His fear, something he initially alluded to when doing punditry for Irish radio station Newstalk, is that some opportunities Northampton couldn’t take in the semi-final might now be snapped up by Toulouse.


“What I said was I would not like to defend in a blitz defence like that off set-play and, in particular, scrum. Lineout you would manage fine because there are more bodies, you are getting some tail gunners, you are probably getting a little bit of assistance. But I think it is a really, really tough ask for any 13.

“It’s funny, I was looking back on the semi-final and there is one scrum that Northampton will be kicking themselves because (Tommy) Freeman ended knocking the ball on but if they go out the back to Fin Smith, he is miles around the corner. James Lowe is not connected. There are two more players in attack – that should be try time. It does feel as though there is vulnerability or frailty at scrum time in a blitz defence.

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“In fairness to (Robbie) Henshaw, he has the capacity to read those situations but that’s not what the role is. It’s meant to be first for fire it shut. He is as good as there is out there. Him and Garry (Ringrose) read very well. It’s just a matter of whether the animation in attack will be as good as it was from Northampton Saints but then you pick the right options.

“So, the hustle, the scramble coming from Gibson-Park and from other players diving under the defensive line will have significance in being able if you get busted to track people back. But I think with really good teams, if they show accuracy and commit defenders inside, they definitely can create space and try-scoring opportunities off first phase.”

It’s a potential weakness of the new rearguard approach under Nienaber, the ex-Springboks head coach who has succeeded former England boss Stuart Lancaster as Leo Cullen’s senior Leinster coach. With his old club heading into its third successive final appearance after losses to La Rochelle in 2022 and 2023, how does O’Driscoll compare the respective Nienaber/Lancaster eras?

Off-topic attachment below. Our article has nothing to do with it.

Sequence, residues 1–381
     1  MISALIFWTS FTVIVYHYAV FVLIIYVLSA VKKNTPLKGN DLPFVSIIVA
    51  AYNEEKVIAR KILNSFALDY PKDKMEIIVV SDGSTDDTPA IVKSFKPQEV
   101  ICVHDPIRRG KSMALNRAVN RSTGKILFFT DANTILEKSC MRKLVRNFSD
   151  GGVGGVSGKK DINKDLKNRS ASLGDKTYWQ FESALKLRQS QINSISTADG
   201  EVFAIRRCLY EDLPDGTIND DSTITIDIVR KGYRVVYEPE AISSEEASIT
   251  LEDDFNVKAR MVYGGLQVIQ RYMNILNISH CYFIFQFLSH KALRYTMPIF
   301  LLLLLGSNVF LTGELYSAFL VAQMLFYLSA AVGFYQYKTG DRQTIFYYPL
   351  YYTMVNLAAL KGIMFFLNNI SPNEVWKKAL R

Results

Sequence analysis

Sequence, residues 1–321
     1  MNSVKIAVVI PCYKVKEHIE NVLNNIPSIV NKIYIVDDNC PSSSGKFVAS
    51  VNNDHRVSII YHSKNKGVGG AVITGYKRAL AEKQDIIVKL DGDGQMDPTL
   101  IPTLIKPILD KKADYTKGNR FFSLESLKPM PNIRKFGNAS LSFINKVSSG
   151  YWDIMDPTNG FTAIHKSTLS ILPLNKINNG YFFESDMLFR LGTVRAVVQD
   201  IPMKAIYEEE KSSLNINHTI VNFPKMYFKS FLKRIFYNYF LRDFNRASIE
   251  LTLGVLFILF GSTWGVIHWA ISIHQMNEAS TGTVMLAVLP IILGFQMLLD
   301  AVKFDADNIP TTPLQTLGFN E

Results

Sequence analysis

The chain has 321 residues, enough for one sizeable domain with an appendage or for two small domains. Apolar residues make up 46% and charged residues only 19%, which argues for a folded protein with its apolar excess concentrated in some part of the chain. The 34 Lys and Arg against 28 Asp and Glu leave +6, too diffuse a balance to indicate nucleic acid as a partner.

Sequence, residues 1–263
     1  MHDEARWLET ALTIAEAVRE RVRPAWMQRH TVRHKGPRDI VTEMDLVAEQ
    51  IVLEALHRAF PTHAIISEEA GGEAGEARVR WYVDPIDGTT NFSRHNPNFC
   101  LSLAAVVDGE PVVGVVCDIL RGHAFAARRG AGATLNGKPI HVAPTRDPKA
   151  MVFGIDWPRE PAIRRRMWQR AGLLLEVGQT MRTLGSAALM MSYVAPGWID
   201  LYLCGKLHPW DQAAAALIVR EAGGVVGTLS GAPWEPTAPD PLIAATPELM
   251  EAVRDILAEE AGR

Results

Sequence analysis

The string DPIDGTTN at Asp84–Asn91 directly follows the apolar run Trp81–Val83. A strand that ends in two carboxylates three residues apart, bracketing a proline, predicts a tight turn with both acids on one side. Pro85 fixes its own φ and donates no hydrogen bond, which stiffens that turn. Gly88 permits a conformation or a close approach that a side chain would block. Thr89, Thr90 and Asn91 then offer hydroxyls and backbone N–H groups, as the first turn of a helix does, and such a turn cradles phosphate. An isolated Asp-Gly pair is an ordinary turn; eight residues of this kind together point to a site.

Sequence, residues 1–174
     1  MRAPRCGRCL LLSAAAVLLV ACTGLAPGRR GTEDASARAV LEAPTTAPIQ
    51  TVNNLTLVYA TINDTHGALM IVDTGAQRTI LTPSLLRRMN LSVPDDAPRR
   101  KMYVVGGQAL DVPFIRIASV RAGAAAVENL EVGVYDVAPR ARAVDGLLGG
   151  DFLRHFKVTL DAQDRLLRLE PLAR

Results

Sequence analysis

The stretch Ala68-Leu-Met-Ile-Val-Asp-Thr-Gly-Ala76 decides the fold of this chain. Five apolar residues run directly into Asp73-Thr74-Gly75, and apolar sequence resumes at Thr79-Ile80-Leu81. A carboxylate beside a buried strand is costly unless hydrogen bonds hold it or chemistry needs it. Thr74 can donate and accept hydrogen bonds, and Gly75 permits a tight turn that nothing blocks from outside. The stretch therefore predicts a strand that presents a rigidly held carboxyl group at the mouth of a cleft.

“The role remit is very different,” he suggested. “The evolution of Stuart from year one through to year seven or eight would have been significant. He took defence and attack, and Jacques has come in and redefined what defence looks like from a Leinster perspective as so much time, effort, and energy will have to have gone into it.

“It’s very hard to then give that same focus towards your attack game when you are kind of reinventing a defensive system. So as a result, the defence and the physicality looks much better this year. Perhaps Leinster’s achilles heel was where it felt teams could physically dominate them.

“Now that is their modus operandi; it’s big, physical teams that they go and dominate but I don’t think that the attack game has quite been as sharp as it has the last two years. They were overwhelming favourites going into both finals (against La Rochelle) and came off second-best because they didn’t manage to deliver on the big stage.